Individuals who have a variation of the COX-2 gene have an associated lower risk for a heart attack or stroke, according to a study in the May 12 issue of The Journal of the American Medical Association (JAMA).
Although myocardial infarction (MI, or heart attack) and atherothrombotic ischemic stroke are thought to be caused by rupture of vulnerable atherosclerotic plaques, they are recognized to be complex disorders that likely result from multifaceted interactions between an individual’s genetic makeup and environmental factors, according to background information in the article. The relation between COX-2 variations and the risk of MI and stroke has not been clear.
Francesco Cipollone, M.D., of the G. d’Annunzio University of Chieti and G. d’Annunzio University Foundation, Chieti, Italy and colleagues conducted a study to determine if there was a relationship between a variation in the COX-2 gene (termed the "-765G-C polymorphism") and clinically evident plaque rupture. The study was conducted between March 2002 and October 2003 among 864 patients with first MI or atherothrombotic ischemic stroke and 864 hospitalized controls. The groups were matched for age, sex, body mass index, smoking, hypertension, hypercholesterolemia, and diabetes.
Andrea Mezzetti | EurekAlert!
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The formation of stars in distant galaxies is still largely unexplored. For the first time, astron-omers at the University of Geneva have now been able to closely observe a star system six billion light-years away. In doing so, they are confirming earlier simulations made by the University of Zurich. One special effect is made possible by the multiple reflections of images that run through the cosmos like a snake.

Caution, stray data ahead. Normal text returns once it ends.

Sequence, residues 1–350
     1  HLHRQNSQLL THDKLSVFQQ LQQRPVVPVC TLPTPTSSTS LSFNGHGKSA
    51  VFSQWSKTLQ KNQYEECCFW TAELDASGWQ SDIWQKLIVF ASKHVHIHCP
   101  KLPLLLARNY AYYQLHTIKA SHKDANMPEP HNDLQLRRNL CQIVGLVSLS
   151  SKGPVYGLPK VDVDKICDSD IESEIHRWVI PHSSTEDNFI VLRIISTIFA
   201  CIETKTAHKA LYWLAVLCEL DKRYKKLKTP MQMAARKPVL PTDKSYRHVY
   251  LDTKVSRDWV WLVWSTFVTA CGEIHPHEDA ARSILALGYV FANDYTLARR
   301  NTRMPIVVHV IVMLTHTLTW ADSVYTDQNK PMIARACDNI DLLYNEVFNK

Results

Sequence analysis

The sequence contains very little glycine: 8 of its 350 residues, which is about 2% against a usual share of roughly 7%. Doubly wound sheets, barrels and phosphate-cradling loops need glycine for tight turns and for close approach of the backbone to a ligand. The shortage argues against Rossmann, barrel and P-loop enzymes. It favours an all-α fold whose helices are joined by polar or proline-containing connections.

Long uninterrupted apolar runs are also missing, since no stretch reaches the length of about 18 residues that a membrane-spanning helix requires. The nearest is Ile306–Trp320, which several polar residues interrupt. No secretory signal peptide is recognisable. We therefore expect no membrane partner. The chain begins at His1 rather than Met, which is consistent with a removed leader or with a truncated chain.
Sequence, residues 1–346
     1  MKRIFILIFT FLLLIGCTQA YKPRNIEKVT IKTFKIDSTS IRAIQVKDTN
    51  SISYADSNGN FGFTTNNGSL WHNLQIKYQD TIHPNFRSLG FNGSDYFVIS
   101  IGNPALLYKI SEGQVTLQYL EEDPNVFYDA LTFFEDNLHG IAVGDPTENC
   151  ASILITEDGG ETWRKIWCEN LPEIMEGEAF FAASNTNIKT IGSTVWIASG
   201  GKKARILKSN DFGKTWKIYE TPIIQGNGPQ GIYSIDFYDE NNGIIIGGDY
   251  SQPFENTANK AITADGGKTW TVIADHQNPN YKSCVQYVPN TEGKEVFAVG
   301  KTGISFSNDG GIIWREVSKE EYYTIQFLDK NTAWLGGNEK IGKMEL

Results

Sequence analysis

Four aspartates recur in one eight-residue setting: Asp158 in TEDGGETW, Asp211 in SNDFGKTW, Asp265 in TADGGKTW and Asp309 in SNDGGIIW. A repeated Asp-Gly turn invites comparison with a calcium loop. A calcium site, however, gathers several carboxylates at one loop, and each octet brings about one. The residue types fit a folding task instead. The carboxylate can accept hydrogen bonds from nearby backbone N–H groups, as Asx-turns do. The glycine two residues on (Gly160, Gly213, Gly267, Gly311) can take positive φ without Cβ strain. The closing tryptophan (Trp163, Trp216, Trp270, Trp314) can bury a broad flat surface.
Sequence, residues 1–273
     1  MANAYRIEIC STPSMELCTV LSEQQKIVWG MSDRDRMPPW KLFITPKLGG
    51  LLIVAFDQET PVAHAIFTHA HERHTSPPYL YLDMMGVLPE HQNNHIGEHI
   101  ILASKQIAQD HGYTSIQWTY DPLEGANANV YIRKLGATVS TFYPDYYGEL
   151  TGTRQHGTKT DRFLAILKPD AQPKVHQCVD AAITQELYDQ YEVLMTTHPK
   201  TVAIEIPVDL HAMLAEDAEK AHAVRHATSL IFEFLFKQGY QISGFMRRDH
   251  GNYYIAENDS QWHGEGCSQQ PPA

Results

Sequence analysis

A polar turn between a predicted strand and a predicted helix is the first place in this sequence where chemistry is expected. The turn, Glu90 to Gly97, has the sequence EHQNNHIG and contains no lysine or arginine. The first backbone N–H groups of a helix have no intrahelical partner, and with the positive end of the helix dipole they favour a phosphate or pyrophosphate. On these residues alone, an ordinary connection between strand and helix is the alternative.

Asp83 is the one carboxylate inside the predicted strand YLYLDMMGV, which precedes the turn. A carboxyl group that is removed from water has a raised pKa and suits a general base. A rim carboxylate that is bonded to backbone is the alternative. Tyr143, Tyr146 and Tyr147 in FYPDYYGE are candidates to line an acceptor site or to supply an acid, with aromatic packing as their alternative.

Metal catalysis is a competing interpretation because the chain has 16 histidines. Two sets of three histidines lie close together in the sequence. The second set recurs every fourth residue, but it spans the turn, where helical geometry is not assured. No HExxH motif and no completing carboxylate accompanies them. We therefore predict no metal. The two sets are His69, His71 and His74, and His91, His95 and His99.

Today, astronomers have a pretty accurate idea of how stars were formed in the recent cosmic past. But do these laws also apply to older galaxies? For around a...
Just because someone is smart and well-motivated doesn't mean he or she can learn the visual skills needed to excel at tasks like matching fingerprints, interpreting medical X-rays, keeping track of aircraft on radar displays or forensic face matching.
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Computer Tomography (CT) is a standard procedure in hospitals, but so far, the technology has not been suitable for imaging extremely small objects. In PNAS, a team from the Technical University of Munich (TUM) describes a Nano-CT device that creates three-dimensional x-ray images at resolutions up to 100 nanometers. The first test application: Together with colleagues from the University of Kassel and Helmholtz-Zentrum Geesthacht the researchers analyzed the locomotory system of a velvet worm.
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The quantum world is fragile; error correction codes are needed to protect the information stored in a quantum object from the deteriorating effects of noise. Quantum physicists in Innsbruck have developed a protocol to pass quantum information between differently encoded building blocks of a future quantum computer, such as processors and memories. Scientists may use this protocol in the future to build a data bus for quantum computers. The researchers have published their work in the journal Nature Communications.
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